- Poster presentation
- Open Access
Complexity and specificity of experimentally induced expectations in motion perception
© Gekas et al; licensee BioMed Central Ltd. 2013
- Published: 8 July 2013
- Motion Direction
- Statistical Learning
- Motion Detection
- Dual Task
- Visual Motion
A growing body of work suggests that perception is akin to Bayesian Inference . In this context, it is critical to understand how priors are formed, what complexity of the prior distributions can be learned, and whether learned priors transfer to similar stimuli. Only a handful of studies have started to explore these issues (e.g. [2, 3]).
In , we had shown that the statistics of past visual motion stimuli can powerfully modulate the perception of new motion directions. Human observers were presented with low contrast white random dots, and were asked to perform a dual task of direction estimation and motion detection. We manipulated subjects' expectations by using a bimodal distribution of motion directions such that two directions were more frequently presented than the others. Subjects were found to quickly and implicitly learn about the stimulus distribution, and their perception was altered in two ways: 1) they perceived motion directions as being more similar to the most frequent directions than they really were, and 2) in the absence of stimuli, the most frequent stimuli were frequently perceived.
We here modify this paradigm to explore whether subjects can learn multiple stimulus distributions simultaneously. We interleaved moving dot displays of two different colors, either red or green, with different motion direction distributions. When one distribution was uniform and the other bimodal, we found that participants learned the statistics of the combined (bimodal) distribution and used that knowledge in both color conditions. When one distribution was bimodal and the other was the vertically flipped image of the first one so that the combined distribution was uniform, we found that participants tried to learn the statistics of each distribution but did not clearly apply that knowledge only to the appropriate condition.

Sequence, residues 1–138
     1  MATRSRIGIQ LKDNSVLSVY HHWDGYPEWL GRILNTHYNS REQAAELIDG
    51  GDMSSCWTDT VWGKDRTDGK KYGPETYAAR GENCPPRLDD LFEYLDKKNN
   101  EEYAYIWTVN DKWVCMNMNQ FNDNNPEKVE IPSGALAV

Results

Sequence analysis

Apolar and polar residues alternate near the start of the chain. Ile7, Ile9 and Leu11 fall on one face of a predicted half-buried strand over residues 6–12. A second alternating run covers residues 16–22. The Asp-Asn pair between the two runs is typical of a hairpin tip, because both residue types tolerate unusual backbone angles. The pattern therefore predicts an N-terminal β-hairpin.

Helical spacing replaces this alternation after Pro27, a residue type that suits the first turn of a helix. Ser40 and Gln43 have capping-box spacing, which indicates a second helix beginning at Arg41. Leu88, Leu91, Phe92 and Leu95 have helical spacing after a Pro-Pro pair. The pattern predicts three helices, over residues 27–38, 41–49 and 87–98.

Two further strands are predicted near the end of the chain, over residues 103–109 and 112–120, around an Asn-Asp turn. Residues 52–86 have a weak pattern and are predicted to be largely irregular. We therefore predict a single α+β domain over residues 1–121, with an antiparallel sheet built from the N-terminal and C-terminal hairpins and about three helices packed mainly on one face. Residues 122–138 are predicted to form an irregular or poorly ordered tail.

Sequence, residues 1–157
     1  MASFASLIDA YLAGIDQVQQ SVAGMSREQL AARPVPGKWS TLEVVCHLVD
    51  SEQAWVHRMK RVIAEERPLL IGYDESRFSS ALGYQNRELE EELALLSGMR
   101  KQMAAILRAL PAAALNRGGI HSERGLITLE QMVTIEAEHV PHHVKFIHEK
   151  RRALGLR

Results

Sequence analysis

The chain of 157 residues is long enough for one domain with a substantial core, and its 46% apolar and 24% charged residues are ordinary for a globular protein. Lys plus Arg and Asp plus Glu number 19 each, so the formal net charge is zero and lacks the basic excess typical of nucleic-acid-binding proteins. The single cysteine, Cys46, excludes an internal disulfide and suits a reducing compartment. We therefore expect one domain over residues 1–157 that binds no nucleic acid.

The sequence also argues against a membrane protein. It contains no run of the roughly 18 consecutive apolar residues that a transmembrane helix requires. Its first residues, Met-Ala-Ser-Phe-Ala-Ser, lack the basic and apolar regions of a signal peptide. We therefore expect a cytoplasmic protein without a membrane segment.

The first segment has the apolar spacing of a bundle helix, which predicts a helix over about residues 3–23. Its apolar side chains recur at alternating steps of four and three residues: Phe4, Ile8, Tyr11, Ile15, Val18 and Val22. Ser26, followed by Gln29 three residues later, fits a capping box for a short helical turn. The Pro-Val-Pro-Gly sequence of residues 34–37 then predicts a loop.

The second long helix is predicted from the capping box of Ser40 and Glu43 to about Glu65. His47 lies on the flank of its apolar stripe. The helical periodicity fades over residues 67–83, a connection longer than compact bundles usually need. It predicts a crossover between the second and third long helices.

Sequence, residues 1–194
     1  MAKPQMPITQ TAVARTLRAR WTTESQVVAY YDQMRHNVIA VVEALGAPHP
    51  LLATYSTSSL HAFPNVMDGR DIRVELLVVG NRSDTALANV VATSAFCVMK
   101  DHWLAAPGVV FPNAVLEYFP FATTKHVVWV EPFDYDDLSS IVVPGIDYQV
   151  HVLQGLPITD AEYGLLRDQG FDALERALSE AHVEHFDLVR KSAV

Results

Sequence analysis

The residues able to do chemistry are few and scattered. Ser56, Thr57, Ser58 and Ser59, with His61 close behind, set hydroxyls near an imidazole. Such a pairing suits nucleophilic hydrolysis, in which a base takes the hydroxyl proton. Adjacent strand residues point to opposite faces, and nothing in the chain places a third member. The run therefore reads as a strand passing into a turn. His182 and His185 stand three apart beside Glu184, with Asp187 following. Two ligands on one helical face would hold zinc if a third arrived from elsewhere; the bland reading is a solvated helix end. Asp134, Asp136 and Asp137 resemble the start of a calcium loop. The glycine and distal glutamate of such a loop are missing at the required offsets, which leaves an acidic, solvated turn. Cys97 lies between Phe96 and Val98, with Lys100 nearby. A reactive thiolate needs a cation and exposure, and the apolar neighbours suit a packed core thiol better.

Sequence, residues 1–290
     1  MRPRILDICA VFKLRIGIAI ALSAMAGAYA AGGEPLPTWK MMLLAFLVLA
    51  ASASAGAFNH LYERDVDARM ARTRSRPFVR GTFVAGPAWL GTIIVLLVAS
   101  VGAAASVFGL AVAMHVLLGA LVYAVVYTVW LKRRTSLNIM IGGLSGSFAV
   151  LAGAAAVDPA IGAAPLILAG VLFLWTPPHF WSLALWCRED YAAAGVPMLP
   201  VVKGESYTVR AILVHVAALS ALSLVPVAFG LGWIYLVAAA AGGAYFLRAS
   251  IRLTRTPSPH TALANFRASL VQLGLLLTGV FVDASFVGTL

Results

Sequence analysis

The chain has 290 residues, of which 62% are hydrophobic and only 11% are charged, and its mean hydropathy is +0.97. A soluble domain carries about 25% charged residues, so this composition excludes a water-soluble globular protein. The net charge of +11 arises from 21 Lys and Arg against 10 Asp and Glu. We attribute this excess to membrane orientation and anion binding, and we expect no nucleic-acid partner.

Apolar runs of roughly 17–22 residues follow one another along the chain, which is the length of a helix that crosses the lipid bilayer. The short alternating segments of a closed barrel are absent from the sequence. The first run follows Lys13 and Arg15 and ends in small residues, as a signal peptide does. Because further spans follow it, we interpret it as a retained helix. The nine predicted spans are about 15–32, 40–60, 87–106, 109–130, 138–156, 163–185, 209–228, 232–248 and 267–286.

Our findings suggest that it is possible to learn the joint statistics of the stimuli by using a feature like color as a distinguishing factor but only under specific conditions. Even so, there is a tendency for subjects to learn a complex combination of the two distributions and use it non-specifically for the different conditions. Our results can be modeled using a Bayesian framework and discussed in terms of a sub-optimality of the statistical learning process under some conditions. Understanding the limitations of statistical learning for complex stimuli may help understanding how expectations are learned at the neural level.
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